IOWA CITY, Iowa (AP) — A jury ruled Wednesday that an Iowa prison warden discriminated against a transgender employee by denying him the use of men's restrooms and locker rooms in a verdict that advocates call "historic."
Jurors also found that the state executive branch discriminated against Jesse Vroegh by offering medical benefits that would not cover his gender reassignment surgery. After making those findings, the eight-member jury awarded $120,000 in damages for emotional distress to Vroegh, 37, a former nurse at the Iowa Correctional Institution for Women in Mitchellville.
The American Civil Liberties Union, which is representing Vroegh, said the lawsuit was the first related to transgender rights that's been filed since lawmakers amended the Iowa Civil Rights Act in 2007 to bar discrimination on the basis of gender identity and sexual orientation. ACLU lawyer Melissa Hasso said the verdict marks "an historic day for transgender Iowans, their friends and families."
Vroegh began working at the women’s prison Mitchellville as a registered nurse in 2009. Vroegh was considered a female at work and used the women’s bathrooms and locker rooms, even though he had long presented as male in clothing and hair style. In 2014, Vroegh informed his boss that he would begin a social transition at work from female to male after being diagnosed with gender dysphoria.
Beginning in 2015, Vroegh requested that he be able to begin using men's bathrooms and locker rooms and that the prison develop a policy to accommodate the rights of transgender employees.
Prison warden Patti Wachtendorf denied Vroegh’s requests, saying she was concerned about the rights of male employees who may be uncomfortable sharing facilities with him. Instead, Wachtendorf designated two single-occupancy bathrooms as gender neutral for Vroegh to use and ultimately told him no policy would be adopted.
Vroegh argued in the lawsuit that the prison's accommodation amounted to discrimination because, unlike other male employees, he had to walk outside to another building and pass through security whenever he needed to use the restroom. He also argued that the accommodation meant that his male gender identity wasn't accepted.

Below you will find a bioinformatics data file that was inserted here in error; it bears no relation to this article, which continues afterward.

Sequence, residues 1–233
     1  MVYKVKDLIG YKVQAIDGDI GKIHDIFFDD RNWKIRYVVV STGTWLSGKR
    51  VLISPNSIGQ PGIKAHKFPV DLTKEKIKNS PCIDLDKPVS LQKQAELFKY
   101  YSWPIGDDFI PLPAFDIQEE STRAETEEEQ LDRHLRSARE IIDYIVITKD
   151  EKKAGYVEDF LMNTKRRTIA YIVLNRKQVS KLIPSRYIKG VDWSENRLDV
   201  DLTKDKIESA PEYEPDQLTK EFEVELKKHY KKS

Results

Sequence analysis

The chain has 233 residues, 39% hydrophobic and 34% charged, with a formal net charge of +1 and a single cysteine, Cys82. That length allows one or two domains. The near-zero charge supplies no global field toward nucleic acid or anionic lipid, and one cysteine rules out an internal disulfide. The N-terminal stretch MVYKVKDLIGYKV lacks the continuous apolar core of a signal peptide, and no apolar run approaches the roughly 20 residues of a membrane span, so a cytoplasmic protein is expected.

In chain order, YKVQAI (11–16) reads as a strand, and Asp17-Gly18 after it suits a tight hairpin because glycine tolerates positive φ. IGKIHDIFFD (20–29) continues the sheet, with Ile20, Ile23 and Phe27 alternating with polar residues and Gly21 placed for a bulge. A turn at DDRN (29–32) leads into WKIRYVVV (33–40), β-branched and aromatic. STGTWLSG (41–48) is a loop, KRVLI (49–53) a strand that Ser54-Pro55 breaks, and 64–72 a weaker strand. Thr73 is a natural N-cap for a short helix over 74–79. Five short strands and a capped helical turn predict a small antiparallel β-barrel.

Around that time, Wellmark, which offers the health insurance plan for state employees, refused to cover a chest surgery that had been recommended by Vroegh's doctors to treat his gender dysphoria. Wellmark said its plan did not cover any gender reassignment surgery. That benefit was later covered for state employees beginning in 2017.
Jurors ruled the Iowa Department of Corrections and Wachtendorf, now the warden at the Iowa State Penitentiary, discriminated against Vroegh on the basis of sexual orientation and gender identity in denying his use of the men's bathrooms. And they found that the Department of Administrative Services, which administers benefits for state employees, discriminated against him by denying his insurance benefits.
Vroegh thanked jurors for their verdict in a statement distributed by the ACLU.
“It makes me happy and proud that they recognized that I should be treated equally by my employer and with health care coverage,” he said. “This whole lawsuit process has been difficult and emotionally very trying. … But I do it because it’s important for all the transgender Iowans who come after me.”
Department of Corrections spokesman Cord Overton said the agency is working with state lawyers to evaluate the verdict and review its options, which could include an appeal to the Iowa Supreme Court.
Hasso told the Associated Press that the trial showed many prospective jurors had experience around transgender people and that Vroegh was supported by his coworkers. But she said the trial also revealed that the state failed to train supervisors on protections for transgender individuals enshrined in the Iowa Civil Rights Act, and she called on Department of Administrative Services Director Janet Phipps to make such training mandatory instead of voluntary.